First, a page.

Access all content on this site for 1 year.
Purchase
Group Purchase

from $480/year

For small business & enterprise.
Group Purchase

  • Redeem a prepaid code
  • Payment is instant and you will receive a tax invoice straight away.
  • Your satisfaction is paramount: we offer a no-quibble refund guarantee.

* We guarantee each course to be available for at least 2 years from today, unless marked above with a date as a Course Retiring.

Comments

tvburke · 14 March 2014

Hi regarding demo "How to Make Enterprise Dashboards in Excel" , what I noticed that your datasource is local , what I like to do is have a database shared by all SharePoint users that they can update any time, live , lets assume its a ticket report or task db. I like to see how many task opened how many closed of particular month , as well as historically, and other pertinent data like duration of task etc... Do I need to have Performance Point running in order to make above happen or just the Excel BI that you demo.

Rafal Lukawiecki · 25 June 2014

The data source in this video, a multidimensional cube, was running on SQL Server Analysis Services installed locally for the purposes of the demo. Normally, however, it would be a shared cube, or a shared tabular model, running on a server accessible to all the participating users. There is no need for PerformancePoint Services in this scenario, indeed, you could even do it without SharePoint. However, there are other ways how you could share such data in your company, which include using BI Semantic Model Connection Files in SharePoint (see this video around minute 56:34) or sharing them as queries using Power Query and Power BI, or just as Excel workbooks with Power Pivot. The right choice would highly depend on your use vs update scenario, user base, security concerns, audit and compliance control needs.

ness · 24 July 2014

Thank you for this demo very helpful and informative!

I have question:
Most of our reports were developed using SSRS and our sources are cubes and relational dbase.

But some of our clients want to have the look and feel of excel. One of the problem in SSRS is that we don't have the control to fit-in all the graphs and tables in one excel page when exported to excel it will most likely create additional pages especially if you have 8 pie charts and one table in each pie underneath it that have about 9 rows and 5 columns. This is hard to fit in in excel when the report is develop in SSRS.

The original report was created in excel and what our Business Analyst doing is copy & paste the data from ProClarity and put it on a separate sheet (that is hidden) and use lookup to feed in those data in the pie charts and tables. She does this every period like once in every 2 weeks and she does it for 6 different Region.

In this report each pie is coming from different cubes and one pie is an aggregated of all 4 cubes.

What you think is the best way to do it?

I am thinking of automating it using powerpivot and pivot table in Excel. I am not that good in excel since I am more of an SSRS guy. So this video is really helpful for me. Thanks for sharing!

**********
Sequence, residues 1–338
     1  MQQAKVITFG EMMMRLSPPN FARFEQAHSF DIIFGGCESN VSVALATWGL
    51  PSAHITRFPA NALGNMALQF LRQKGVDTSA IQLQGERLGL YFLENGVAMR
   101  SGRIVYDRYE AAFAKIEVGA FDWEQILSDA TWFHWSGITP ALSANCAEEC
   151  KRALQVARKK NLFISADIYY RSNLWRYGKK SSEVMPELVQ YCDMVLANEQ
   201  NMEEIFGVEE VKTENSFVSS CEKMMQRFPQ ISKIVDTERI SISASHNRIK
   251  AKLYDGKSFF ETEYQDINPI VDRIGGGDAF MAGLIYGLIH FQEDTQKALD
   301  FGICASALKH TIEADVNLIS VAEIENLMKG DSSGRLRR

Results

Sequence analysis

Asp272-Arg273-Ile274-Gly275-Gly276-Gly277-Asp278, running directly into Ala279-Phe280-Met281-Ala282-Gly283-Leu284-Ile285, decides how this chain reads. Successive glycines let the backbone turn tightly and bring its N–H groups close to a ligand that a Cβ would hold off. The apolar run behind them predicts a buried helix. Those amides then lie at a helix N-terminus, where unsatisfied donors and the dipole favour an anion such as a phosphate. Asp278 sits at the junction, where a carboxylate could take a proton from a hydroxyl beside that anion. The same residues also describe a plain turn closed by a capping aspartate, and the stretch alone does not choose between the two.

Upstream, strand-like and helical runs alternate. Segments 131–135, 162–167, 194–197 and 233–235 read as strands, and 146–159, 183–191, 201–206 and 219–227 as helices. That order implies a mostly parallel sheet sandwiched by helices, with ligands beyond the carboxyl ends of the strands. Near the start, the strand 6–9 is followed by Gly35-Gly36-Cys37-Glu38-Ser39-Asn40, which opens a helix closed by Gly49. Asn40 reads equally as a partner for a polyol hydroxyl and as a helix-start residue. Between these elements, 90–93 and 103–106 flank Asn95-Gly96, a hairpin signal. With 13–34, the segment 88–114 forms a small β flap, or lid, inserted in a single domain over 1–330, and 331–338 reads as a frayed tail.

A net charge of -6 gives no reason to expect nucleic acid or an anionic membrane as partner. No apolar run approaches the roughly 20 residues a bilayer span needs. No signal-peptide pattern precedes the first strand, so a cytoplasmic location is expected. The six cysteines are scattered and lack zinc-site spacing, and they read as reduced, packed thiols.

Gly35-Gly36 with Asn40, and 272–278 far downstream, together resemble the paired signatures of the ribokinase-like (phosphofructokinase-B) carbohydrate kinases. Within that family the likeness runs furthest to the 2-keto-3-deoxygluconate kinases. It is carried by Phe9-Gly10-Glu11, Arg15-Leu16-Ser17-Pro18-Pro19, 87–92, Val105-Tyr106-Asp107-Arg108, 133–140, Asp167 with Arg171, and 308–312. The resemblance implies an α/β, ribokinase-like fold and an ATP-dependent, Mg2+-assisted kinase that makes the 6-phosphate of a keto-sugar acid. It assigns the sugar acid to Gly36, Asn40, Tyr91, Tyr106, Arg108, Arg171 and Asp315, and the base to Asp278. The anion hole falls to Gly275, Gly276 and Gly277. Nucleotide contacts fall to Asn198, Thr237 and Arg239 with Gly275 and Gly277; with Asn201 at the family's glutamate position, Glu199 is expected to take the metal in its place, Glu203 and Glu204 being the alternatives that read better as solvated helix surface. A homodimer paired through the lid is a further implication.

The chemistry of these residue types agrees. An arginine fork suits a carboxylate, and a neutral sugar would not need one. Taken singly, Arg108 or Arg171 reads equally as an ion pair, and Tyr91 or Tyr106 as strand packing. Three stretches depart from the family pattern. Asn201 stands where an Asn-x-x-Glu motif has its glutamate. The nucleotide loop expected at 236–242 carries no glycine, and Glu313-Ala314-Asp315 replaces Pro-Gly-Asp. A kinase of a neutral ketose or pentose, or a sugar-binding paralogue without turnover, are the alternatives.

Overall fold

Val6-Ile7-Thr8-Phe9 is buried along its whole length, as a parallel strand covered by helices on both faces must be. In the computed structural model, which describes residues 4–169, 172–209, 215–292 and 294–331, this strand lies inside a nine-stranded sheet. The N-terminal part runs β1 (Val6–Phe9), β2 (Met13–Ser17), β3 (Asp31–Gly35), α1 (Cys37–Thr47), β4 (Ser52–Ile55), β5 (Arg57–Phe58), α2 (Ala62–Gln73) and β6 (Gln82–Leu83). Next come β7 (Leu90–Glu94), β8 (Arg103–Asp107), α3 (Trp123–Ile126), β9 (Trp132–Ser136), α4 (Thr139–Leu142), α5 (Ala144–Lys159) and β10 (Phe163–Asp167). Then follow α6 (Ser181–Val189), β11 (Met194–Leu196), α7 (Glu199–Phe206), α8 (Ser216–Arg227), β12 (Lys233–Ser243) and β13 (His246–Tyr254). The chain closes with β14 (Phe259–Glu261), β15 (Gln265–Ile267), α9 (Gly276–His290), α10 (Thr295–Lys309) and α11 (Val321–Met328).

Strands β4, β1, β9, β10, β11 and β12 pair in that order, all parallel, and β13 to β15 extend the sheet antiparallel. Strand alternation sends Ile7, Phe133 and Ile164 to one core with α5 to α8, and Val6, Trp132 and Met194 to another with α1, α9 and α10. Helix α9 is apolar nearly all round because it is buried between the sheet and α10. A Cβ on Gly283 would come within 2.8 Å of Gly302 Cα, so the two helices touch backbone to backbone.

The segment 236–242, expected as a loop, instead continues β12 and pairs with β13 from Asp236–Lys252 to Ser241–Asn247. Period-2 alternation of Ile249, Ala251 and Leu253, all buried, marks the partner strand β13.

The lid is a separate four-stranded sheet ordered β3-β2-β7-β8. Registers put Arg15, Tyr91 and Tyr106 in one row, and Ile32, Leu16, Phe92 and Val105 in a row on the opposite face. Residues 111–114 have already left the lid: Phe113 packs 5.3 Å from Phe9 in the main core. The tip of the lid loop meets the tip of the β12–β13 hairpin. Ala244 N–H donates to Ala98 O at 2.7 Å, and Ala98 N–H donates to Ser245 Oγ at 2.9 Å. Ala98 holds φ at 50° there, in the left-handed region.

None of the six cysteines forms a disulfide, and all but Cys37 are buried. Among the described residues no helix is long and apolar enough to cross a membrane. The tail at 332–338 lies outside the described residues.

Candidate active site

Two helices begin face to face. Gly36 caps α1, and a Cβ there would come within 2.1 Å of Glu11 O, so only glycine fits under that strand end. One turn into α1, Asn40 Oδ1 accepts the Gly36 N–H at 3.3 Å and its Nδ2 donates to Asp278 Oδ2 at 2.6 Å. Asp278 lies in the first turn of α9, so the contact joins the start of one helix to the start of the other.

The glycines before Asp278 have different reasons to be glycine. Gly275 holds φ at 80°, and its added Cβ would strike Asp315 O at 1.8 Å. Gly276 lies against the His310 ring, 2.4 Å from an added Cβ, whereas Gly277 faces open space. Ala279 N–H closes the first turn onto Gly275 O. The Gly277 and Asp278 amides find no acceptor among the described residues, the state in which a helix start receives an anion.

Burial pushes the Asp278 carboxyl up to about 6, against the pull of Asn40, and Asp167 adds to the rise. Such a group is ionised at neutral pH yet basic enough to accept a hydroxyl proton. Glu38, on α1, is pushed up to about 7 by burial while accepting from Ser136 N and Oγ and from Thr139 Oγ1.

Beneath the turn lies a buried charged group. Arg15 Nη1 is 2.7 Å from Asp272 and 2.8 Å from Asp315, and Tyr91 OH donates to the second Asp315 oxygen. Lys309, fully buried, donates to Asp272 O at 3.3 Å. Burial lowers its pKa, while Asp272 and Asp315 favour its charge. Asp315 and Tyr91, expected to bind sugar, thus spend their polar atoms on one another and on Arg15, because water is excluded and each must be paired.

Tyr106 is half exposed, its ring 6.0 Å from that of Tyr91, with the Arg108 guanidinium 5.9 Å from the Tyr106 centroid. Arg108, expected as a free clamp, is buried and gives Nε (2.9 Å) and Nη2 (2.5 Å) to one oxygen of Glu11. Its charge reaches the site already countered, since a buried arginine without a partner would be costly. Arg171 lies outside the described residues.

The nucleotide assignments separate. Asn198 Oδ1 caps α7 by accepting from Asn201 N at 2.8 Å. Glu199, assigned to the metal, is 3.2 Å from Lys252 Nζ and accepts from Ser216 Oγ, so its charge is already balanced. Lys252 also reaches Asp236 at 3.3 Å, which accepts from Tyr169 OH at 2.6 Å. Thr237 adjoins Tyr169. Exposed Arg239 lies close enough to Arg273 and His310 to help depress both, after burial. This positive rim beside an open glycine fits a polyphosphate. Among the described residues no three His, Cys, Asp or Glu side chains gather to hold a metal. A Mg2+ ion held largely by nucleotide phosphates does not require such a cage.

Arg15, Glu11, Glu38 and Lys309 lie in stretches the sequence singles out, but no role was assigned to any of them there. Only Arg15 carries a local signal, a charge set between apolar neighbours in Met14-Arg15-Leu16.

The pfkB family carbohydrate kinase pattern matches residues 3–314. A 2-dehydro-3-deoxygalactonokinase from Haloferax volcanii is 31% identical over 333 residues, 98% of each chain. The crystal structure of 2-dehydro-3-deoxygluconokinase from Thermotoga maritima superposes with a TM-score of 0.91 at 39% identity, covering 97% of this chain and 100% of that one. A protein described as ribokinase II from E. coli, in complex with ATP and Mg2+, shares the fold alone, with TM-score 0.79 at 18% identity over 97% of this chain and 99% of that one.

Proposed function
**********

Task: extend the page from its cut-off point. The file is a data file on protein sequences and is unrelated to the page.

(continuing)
Any thought will much be appreciated.

Thank you and Great Job!

Carmel Gunn · 26 July 2014

Hi Ness,
This is a very common scenario we see. Eg extracting data from multiple sources and “mashing” it up in excel – which can be very time consuming on reporting and get very complex with lots of lookups and macros.
There are two approaches we use to streamline this
1) Rather than have four different cubes, create a consolidated cube that contains measures from all the sources. Maybe this consolidated cube could be more aggregated than the other cubes.
2) Use a mashup tool such as the PowerPivot Add in to import and join the four sources of data. The business now has a single conformed in memory model to make reports in excel and either refresh data on the desktop in excel or from SharePoint.

Rather than use ProClarity to generate dumps of data we can either use the BI client directly in excel like in my video here, or PowerPivot allows us to directly import MDX queries.
Some users complain that excel does not have the flexibility of ProClarity. This is partially addressed by using the new features in Excel 2013 like calculated members and measures and by using add in’s that extend excel like the OLAP PivotTables extension on codeplex.
http://olappivottableextend.codeplex.com/
Should you build a consolidated MOLAP cube or use a mashup tool ? This really depends on a few factors such as:
- How wide is the distribution? MOLAP cubes are great for publishing to the enterprise whereas a mashup tool is great for extracting and joining existing data to make new models.
- Are data requirements static or dynamic? PowerPivot is much better at prototyping.
- PowerPivot models are faster and more cost effective to develop than MOLAP cubes.

I'm delighted you like the video :)
Carmel

Online Courses